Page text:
The military tend to marry and have children earlier, O’Brien said. Most of them are in the military pay grade E-3 to E-5, with an entry monthly salary of $ 2,042 to $ 2,467, which translates to $ 24,504 to $ 29,699 per year. .
“The impact of COVID on food insecurity in the military has almost doubled the number from 15% to 29%,” he said. “Most of this increase is the result of the loss of employment of military spouses due to the pandemic.
As a result, “a family of four is not successful,” O’Brien said. “They are food insecure. No starvation, but they are not eating quality food, fresh food.”
As the pandemic eases and more people return to work, he hopes the rate of military food insecurity will drop to 15%. But there are still a lot of military families in that lineup who need help, he said.
Although they are likely qualified to receive food stamps or to use community pantries, “young military families are reluctant to seek social services,” according to Humana Military. “USO, Feeding Northeast Florida and BEAM are filling this gap.”
“Providing support to the military or ‘serving the deserving’ is close to my heart as a former military wife and member of the military family,” said Lavender Morrison, manager of military health and resilience in Jacksonville. Humana. “Humana Military is very proud to work collectively with the Jacksonville community to create collaborative projects addressing the social determinants of health within the military.
The Healthy Military Families Initiative, she said, “is a wonderful example of how collaboration can maximize community resources for the greatest impact.”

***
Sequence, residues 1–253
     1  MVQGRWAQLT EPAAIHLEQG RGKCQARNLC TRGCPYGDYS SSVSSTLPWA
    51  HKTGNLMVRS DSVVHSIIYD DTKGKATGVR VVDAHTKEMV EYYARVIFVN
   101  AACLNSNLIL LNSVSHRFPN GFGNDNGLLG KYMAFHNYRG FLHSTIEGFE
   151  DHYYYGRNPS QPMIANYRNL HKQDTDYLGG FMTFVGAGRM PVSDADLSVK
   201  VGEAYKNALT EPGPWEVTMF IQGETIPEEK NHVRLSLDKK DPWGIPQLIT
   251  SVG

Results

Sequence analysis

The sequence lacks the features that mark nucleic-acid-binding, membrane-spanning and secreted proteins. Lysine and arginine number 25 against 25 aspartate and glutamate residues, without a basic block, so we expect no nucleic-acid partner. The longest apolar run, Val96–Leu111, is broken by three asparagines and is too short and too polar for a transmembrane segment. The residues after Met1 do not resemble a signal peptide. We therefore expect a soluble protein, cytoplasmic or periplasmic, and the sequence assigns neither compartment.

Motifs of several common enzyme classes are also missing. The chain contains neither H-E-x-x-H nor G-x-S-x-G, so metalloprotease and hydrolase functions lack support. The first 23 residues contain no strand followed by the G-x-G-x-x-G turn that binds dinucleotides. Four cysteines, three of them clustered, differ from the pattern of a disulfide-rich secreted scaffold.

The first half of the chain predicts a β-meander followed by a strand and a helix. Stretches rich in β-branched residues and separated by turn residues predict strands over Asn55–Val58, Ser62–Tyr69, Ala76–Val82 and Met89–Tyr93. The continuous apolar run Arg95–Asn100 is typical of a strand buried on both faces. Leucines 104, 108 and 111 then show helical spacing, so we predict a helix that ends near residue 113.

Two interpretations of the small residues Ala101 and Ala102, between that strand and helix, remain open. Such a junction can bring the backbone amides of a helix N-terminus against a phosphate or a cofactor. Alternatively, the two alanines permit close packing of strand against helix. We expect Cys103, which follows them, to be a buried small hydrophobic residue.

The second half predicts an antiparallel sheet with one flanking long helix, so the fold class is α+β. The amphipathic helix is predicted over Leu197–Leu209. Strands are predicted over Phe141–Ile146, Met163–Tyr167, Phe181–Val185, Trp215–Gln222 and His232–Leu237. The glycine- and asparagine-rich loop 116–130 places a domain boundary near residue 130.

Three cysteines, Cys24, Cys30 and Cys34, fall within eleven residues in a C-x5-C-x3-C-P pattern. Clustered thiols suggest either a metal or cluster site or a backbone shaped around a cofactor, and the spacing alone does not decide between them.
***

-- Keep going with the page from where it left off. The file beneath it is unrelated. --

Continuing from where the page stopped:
The initiative currently serves around 100 Mayport families.
“There are a lot more that qualify, but logistically we have maximum capacity” in the pantry, said O’Brien.
A fundraising campaign is underway to raise funds for a new 2,400 square foot space that will cost approximately $ 650,000. About a third of that cost was collected, O’Brien said.
In addition, the USO is seeking matching funding for a refrigerated truck that will help expand the initiative beyond Mayport to Naval Air Force Base Jacksonville, Kings Bay Submarine Base in South Georgia- East and Space Force Patrick’s base in Brevard County, O’Brien said. “We want to take the program on the road,” he said.
Feeding America, the national organization that includes local affiliate Feeding Northeast Florida, has awarded a grant of $ 35,000, but the truck will cost around $ 70,000.
“We’ve been working with the Greater Jacksonville Area USO for over four years,” said the King of Feeding Northeast Florida. “Recently it has become clear that they need to expand their facilities to meet the growing needs of our military families.”
Grants and strategic partnerships with other organizations led to funding for the refrigerated truck, as well as freezers and coolers, pantry equipment and “additional food resources to help grow,” he said. she declared.
Meanwhile, BEAM has also provided food for the USO and hopes to increase that support for an expanded pantry, said executive director Lori Richards.
“Nutrition education is an important aspect of all BEAM food assistance programs, so we have fully aligned with the goals of the USO program,” she said. “Beam’s registered dietitian is able… to encourage families, especially children, to recognize that the choices they make about their diet have lasting implications for health.
Virtual kids cooking classes recently evolved into BEAM welcoming a group of military kids to their backyard, she said.
Recker and Snelling said all components of the initiative – the food distribution, classes and visit to the BEAM garden – mean more to them than organizations or volunteers know.
“I am so grateful and grateful for the generosity of everything the USO does to help the military community and often overwhelmed by the support they have given to me and my children,” Recker said. “They have a huge heart.”
Snelling said she will miss the Jacksonville USO when her family moves elsewhere.
“We are incredibly blessed with the USO and all of its programs,” she said. “My husband went back and forth the majority of the time we were here and it was amazing to have a little home away from home with the USO and its programs and how much they continued to helping families even during COVID. I can’t say enough good things about them. “